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Ford will cut 7,000 white-collar jobs

Ford is cutting about 10% of its salaried staff worldwide, in an effort to reduce costs and cut company bureaucracy, according to a letter CEO Jim Hackett.

Posted: May 20, 2019 9:20 AM
Updated: May 20, 2019 12:15 PM


Ford is cutting 7,000 white-collar jobs, or about 10% of its salaried staff worldwide, as part of a cost-cutting effort it says will save the company about $600 million a year.

Ford says workers will begin to be notified of cuts starting Tuesday, and the terminations will be completed by the end of August. About 2,400 of the jobs cuts are in North America, and 1,500 of the positions will be eliminated through a voluntary buyout offer.

The move is an effort to cut bureaucracy within the company and flatten the management structure in addition to its desire to cut costs, according to a letter CEO Jim Hackett sent to employees Monday morning.

Ford's layoffs are similar to white-collar job cuts rival General Motors announced in November, but GM's cuts were deeper. GM eliminated about 8,000 non-union jobs, or 15% of its salaried and contract workers. It also closed five North American factories as part of that announcement.

Ford has been making cuts over the past several months as part of a massive restructuring that is expected to cost thousands of jobs across the globe. The company committed last year to spending $11 billion to reshape its business, hoping to boost sales overseas and modernize its fleet of vehicles by focusing more on electric and autonomous driving tech.

But Ford has been slow to give details of how it will spend the $11 billion and what jobs might be cut as part of the restructuring of the business. It has said it will close three plants in Russia, one factory in Europe and another in Brazil. But it has said the moves announced so far represent only about $1 billion of the $11 billion restructuring it plans to do.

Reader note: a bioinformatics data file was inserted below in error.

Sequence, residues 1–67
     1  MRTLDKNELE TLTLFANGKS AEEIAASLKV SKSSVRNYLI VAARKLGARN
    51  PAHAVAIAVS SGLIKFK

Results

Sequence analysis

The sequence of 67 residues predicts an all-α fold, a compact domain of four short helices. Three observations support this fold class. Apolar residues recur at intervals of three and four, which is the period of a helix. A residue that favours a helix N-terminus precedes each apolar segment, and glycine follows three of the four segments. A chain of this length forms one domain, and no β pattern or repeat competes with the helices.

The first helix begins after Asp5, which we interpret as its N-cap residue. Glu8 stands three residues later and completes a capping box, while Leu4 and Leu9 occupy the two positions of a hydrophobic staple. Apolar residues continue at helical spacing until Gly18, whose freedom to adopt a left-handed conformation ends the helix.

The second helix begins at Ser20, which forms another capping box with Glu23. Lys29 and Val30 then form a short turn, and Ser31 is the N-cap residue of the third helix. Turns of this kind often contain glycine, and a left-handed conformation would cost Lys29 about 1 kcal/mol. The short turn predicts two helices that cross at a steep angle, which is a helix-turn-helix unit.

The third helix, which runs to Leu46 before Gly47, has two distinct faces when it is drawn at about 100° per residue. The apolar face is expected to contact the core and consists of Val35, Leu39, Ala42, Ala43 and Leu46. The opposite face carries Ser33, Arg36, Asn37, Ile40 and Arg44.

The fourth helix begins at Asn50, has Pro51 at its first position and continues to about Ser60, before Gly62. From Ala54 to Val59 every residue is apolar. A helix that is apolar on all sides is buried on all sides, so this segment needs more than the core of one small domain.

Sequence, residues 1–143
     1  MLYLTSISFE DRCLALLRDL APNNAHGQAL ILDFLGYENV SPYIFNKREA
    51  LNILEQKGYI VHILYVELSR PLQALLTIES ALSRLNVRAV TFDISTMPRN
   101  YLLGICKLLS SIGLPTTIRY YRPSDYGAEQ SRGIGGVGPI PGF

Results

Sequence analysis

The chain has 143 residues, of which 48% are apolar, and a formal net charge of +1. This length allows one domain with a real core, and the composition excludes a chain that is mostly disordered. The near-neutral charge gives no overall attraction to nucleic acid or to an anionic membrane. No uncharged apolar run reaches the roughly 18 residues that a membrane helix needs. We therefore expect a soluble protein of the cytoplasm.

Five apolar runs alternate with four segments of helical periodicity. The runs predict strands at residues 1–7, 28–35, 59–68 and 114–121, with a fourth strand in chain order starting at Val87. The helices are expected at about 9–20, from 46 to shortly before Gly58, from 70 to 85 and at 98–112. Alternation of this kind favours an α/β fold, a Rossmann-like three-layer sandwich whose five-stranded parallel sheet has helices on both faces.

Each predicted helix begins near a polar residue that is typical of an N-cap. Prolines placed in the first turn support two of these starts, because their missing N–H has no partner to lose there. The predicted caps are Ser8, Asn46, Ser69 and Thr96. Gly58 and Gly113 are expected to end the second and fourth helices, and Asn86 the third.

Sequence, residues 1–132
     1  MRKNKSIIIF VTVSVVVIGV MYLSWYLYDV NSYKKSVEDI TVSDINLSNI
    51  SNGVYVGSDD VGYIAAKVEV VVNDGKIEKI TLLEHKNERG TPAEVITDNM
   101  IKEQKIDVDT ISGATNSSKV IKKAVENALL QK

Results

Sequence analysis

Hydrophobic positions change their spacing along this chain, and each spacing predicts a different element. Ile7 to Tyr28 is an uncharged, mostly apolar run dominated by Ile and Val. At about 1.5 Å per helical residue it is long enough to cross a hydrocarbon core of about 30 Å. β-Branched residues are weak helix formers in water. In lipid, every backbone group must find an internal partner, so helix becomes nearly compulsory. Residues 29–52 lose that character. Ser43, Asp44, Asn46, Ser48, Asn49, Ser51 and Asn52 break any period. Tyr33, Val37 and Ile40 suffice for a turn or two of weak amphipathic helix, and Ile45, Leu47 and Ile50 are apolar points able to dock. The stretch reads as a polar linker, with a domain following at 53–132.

Ford also faces global challenges. The domestic unit is the strongest part of the company, and Ford reported last quarter that sales and profits increased in North America. But it has struggled overseas, prompting significant restructuring there. Last year it reported losses in South America, Asia and Europe even as it made money in North America and from its finance arm.

In March, the company said it was cutting roughly 5,000 jobs in Germany through a 'voluntary separation' program. It also said it would cut a number of jobs in the United Kingdom, but did not provide more information about those positions at that time.

Ford's struggles

Ford faces pressure to improve its profitability. Its profit margin has lagged those of some competitors. It has announced the costs of commodities it buys, such as steel and aluminum, have increased about $1 billion annually after tariffs were imposed on those products, even though it sources most of those raw materials from domestic mills. But its executives have said the effort to reshape the business is part of a longer term strategy and not a response to those increased costs.

Because of its restructuring efforts Ford's stock is up by about a third so far this year, though its was slightly lower in morning trading on the news. Still, that's more a reflection of how low Ford shares were coming into the year.

Ford's market value of $41 billion is only slightly higher than that of Tesla, an automaker a fraction of its size that has rarely posted a profit. And it's worth about 40% less than Uber, which only recently went public and has yet to report a profit.

But Ford and the rest of the auto industry is facing a lot of pressure to prepare itself for the future. The major automakers all have to buy into new technology and plan for a world full of self-driving cars and customers who would rather buy rides than autos themselves. They also face competition from tech companies that are also interested in the market, like Tesla and Alphabet's Waymo.